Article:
To help the brain grow and develop, environmental experiences stimulate nerves to branch out and connect with other nerves. Baby wearing helps the infant’s developing brain make the right connections. Because baby is intimately involved in the mother’s and father’s world, she is exposed to and participates in the environmental stimuli that mother selects and is protected from those stimuli that bombard or overload her developing nervous system. She so intimately participates in what mother is doing that her developing brain stores a myriad of experiences, called patterns of behavior. These may be thought of as thousands of tiny short-run movies that are filed in the infant’s neurological library to be rerun when baby is exposed to a similar situation that reminds her of the making of the original “movie.” For example, mothers of say, “As soon as I pick up the sling and put it on, my baby lights up and raises his arms as if in anticipation that he will soon be in my arms and in my world.”

It has been noticed that carried babies seem more attentive, clicking in to the conversation as if they were part of it. Baby wearing enhances speech development. Because baby is up at voice and eye level, he is more involved in conversations. He learns a valuable speech lesson — the ability to listen.

Normal ambient sounds, such as the noises of daily activities, may either have learning value for the infant or disturb him. If baby is alone, sounds may frighten him. If baby is worn, these sounds have learning value. The mother filters out what she perceives as unsuitable for the baby and gives the infant an “It’s OK” feeling when he is exposed to unfamiliar sounds and experiences.

Parents sometimes sorry that their baby won’t learn to crawl very well if they carry him a lot. Even carried babies can get down and enjoy floor freedom and crawling. Actually, attachment-parented babies show enhanced motor development, perhaps for two reasons: the effect of attachment on nervous-system development and the extra energy they have that might have been wasted on fussing.

Baby Wearing Enhances Parent-Infant Bonding

The term “bonding” receives a lot of press, but is probably the least understood concept of parenting. Bonding is not instant intimacy. Bonding is a gradual process. Some parent-infant pairs achieve bonding more quickly and strongly than others. Baby wearing accelerates the formation of this bond.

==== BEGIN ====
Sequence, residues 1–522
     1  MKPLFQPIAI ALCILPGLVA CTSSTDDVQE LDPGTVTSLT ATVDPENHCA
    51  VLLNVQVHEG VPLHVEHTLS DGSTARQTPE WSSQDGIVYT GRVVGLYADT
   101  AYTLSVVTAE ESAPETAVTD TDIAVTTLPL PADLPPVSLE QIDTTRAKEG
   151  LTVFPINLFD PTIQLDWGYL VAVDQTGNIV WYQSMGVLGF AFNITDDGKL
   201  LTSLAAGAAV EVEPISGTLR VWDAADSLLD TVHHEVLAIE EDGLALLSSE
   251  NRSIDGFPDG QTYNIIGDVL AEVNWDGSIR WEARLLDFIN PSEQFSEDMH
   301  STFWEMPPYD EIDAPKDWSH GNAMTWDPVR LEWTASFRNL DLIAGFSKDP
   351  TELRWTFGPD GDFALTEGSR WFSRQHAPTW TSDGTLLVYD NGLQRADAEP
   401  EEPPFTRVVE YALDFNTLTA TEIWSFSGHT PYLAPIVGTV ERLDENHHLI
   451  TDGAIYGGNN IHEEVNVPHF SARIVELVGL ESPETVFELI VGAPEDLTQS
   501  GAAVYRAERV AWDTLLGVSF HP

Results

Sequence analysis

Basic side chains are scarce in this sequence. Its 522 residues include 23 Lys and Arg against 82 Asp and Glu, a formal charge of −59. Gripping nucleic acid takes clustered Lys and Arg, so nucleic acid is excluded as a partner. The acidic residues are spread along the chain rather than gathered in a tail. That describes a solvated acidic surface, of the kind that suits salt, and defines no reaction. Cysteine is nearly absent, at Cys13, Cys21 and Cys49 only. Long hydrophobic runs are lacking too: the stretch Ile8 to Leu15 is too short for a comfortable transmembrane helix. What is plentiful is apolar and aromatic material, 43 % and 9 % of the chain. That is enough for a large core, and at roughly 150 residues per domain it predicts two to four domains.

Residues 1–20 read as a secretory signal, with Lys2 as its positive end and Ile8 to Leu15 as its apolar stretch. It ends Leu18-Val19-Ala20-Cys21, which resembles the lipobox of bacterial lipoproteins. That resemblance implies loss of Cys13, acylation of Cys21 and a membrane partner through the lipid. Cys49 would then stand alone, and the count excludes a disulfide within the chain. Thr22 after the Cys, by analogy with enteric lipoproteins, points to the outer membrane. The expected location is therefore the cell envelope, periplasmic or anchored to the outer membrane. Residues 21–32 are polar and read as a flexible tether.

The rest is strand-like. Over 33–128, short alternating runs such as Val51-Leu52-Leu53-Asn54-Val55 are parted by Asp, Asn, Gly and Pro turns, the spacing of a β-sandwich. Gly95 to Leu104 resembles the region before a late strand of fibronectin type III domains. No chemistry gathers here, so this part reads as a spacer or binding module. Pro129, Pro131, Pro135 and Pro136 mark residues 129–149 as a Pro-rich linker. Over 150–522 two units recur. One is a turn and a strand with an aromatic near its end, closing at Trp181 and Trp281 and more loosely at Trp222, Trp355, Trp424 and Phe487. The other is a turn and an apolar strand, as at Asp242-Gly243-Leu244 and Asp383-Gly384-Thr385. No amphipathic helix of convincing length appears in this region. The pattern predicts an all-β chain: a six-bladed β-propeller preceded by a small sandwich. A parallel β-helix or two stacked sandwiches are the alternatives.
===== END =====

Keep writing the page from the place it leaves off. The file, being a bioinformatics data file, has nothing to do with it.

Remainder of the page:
Baby wearing Helps Mothers and Babies Get the Right Start
The way a mother and baby get started with each other often sets the tone for how successful the bonding relationship is going to be. Early in the newborn period focus on what the mother does for the baby, as if baby minding were all a case of mother gives and baby takes. As a pediatrician and parent, I have grown to realize that the idea of this early give-a-thon is only partially true. Not only do the parents develop the baby, but the baby develops the parents. The ideal infant-care system — when it operates at its best — is a mutual giving, whereby all parties follow their mutual instincts to bring out the best in each other. Here’s how the system works.
The mother (and to a lesser extent the father) has a biological instinct drawing her toward her infant; an innate desire to pick up, carry, nurse, and simply be with her baby. This is called mother-infant attachment. In some mothers this attachment comes naturally — mother’s intuition. Other mothers feel a bit shaky in this intuition. Here’s where the baby does his or her part.

Just as mothers have attachment-giving qualities, babies come wired with attachment-promoting qualities that stimulate in the mother the desire, and perhaps the need, to be near her baby. Cooing, sucking, smiling, and the beautiful round and alluring features of the baby all do something good to the mother. Within the mother are the so-called mothering hormones, specifically prolactin and Oxytocin. The attachment-promoting behaviors of the baby stimulate these hormones to flows in the mother. Thus baby actually gives to mother a biological booster shot that in turn helps her give the baby the quality and quantity of mothering the baby needs — a mutual giving between two needy members of the biological pair. If we make an assumption that the higher and more consistent these hormones are, the easier mothering will be, it follows that a mother is well advised to adopt a style of mothering that keeps her hormones high. This is exactly what baby wearing does. The continued presence of the baby is what keeps these biological systems active. Intermittent contact does not. Let’s analyze this further. baby supplies

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